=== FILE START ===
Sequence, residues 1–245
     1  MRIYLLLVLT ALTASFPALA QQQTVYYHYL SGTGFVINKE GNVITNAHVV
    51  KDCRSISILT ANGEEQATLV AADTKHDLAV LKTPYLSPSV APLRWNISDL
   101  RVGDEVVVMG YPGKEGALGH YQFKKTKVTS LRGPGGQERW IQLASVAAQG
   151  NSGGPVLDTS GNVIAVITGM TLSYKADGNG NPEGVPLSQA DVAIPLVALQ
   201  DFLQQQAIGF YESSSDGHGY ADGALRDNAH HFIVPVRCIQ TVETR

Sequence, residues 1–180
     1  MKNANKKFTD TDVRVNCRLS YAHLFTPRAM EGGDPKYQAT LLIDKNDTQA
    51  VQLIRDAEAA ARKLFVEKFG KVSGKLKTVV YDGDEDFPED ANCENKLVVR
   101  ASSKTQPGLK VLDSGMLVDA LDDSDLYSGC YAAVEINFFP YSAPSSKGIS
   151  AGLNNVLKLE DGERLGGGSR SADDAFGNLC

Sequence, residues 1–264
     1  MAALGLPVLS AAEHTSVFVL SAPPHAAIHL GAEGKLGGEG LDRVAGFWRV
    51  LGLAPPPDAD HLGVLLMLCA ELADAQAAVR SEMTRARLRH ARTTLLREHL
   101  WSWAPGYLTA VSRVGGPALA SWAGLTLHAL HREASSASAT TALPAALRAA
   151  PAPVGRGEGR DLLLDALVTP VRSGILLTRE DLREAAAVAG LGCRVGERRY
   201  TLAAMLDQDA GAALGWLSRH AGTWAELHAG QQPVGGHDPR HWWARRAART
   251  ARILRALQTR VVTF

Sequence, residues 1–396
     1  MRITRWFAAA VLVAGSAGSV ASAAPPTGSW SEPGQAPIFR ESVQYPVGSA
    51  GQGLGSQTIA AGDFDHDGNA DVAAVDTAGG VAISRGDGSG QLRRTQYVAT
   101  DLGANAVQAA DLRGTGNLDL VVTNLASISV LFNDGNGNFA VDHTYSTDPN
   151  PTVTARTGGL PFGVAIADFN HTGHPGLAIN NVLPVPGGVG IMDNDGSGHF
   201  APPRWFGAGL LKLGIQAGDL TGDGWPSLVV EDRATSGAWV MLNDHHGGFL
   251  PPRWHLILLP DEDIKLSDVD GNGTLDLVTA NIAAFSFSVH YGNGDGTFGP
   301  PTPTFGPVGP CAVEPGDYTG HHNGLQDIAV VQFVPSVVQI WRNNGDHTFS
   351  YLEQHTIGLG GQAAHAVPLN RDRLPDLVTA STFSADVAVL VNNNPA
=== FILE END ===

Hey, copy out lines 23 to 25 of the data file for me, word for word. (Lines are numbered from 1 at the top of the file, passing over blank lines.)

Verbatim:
   151  PTVTARTGGL PFGVAIADFN HTGHPGLAIN NVLPVPGGVG IMDNDGSGHF
   201  APPRWFGAGL LKLGIQAGDL TGDGWPSLVV EDRATSGAWV MLNDHHGGFL
   251  PPRWHLILLP DEDIKLSDVD GNGTLDLVTA NIAAFSFSVH YGNGDGTFGP